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Friday, July 10, 2015

Good morning,

Living Green frequently features gloom and doom stories because it is important to be aware of the crises we face.

If we don't know about the problems, how can we address them?

But the problem with gloom and doom is that eventually we all start to feel overwhelmed; like the problems are insurmountable, but they are not.

The efforts we make as individuals, and as communities; both locally and internationally, do make a difference. Like this story about deforestation demonstrates.

Thanks for reading,

Your Living Green editor

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Twenty years ago, the world's forests were in bad shape. Brazil, the country with more tropical trees than any other, was cutting down an area of forest two-thirds the size of Belgium every year. Roughly half of all the planet's once-luxuriant tropical forests had been felled and the further degradation of the Earth's green spaces seemed inevitable.

It would be too much to say that forests have made a full recovery. Worldwide, over 5m hectares of jungle are still being felled or burned down each year. But the crisis is passing and the prognosis is starting to improve. Fears that the great forests of the Congo would be cleared have proved unfounded so far. Brazil and Mexico have reduced their deforestation rates by well over two-thirds. India and Costa Rica have done more than reduce the rate of loss: they are replanting areas that were once clear-cut.

Over time countries trace a "forest transition curve". They start in poverty with the land covered in trees. As they get richer, they fell the forest and the curve plummets until it reaches a low point when people decide to protect whatever they have left. Then the curve rises as reforestation begins. At almost every point along the line, countries are now doing better: deforesters are chopping down less; reforesters are replanting more.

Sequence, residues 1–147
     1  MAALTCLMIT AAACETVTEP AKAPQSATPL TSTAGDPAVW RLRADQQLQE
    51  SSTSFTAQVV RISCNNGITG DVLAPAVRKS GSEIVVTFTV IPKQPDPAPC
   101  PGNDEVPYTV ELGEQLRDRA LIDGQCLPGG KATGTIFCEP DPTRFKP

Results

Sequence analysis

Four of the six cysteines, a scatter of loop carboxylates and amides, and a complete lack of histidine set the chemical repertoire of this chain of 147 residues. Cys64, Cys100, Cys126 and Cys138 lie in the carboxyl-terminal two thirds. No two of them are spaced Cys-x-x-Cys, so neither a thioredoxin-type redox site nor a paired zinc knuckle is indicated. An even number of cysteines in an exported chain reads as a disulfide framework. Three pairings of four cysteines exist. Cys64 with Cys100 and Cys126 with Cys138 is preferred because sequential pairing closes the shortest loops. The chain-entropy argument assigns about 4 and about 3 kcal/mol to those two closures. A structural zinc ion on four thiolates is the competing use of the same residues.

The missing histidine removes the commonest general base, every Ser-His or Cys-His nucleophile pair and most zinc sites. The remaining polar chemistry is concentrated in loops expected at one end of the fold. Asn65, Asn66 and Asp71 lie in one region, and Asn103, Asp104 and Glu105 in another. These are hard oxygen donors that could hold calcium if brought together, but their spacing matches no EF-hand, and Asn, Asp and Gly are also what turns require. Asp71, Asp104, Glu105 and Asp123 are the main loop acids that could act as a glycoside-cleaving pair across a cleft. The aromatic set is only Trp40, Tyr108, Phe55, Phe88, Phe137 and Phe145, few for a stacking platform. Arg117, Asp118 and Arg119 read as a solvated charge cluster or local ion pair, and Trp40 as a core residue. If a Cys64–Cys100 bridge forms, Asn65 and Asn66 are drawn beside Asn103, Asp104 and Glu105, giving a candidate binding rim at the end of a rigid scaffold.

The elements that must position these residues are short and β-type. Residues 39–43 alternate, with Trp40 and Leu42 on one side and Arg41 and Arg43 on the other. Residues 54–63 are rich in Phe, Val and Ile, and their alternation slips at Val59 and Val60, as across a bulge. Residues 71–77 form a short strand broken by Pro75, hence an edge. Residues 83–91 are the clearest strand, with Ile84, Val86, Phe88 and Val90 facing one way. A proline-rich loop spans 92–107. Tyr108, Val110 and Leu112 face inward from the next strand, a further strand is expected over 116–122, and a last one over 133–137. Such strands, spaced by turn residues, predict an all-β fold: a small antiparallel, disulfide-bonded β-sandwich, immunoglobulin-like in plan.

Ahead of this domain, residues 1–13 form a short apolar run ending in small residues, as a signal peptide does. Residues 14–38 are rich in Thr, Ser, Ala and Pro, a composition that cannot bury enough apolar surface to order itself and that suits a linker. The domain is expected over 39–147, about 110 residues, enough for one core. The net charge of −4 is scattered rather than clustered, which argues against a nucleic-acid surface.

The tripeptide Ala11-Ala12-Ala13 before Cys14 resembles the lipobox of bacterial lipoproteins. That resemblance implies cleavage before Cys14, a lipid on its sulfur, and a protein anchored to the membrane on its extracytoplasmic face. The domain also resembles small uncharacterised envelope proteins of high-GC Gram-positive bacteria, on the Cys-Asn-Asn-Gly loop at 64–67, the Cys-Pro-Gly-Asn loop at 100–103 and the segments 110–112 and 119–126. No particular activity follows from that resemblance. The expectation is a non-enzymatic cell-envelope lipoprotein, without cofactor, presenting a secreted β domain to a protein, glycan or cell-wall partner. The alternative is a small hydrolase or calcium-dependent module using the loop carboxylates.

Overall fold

This matters to everyone, including rich countries in temperate zones, because of the extraordinary contribution that tropical forests make to mitigating carbon emissions. Trees are carbon sinks. If you fell and burn them, you release carbon into the atmosphere. If you let them grow, they squirrel carbon away in their trunks for centuries. Despite decades of destruction, tropical forests are still absorbing about a fifth of emissions from fossil fuels each year.

Encouraging countries to plant trees (or discouraging them from logging) is by far the most effective way of reducing greenhouse-gas emissions. If Brazil had kept on felling trees as rapidly as it was cutting them down in 2005, it would, by 2013, have put an extra 3.2 billion tons of carbon dioxide into the atmosphere. That means that over those eight years it managed to save six times as much carbon as ultra-green Germany did in the same period through one of the world's most expensive renewable-energy regimes. As a way of helping the environment, protecting trees is hard to beat. It is in everyone-s interest to find out which forest policies work--and back them.

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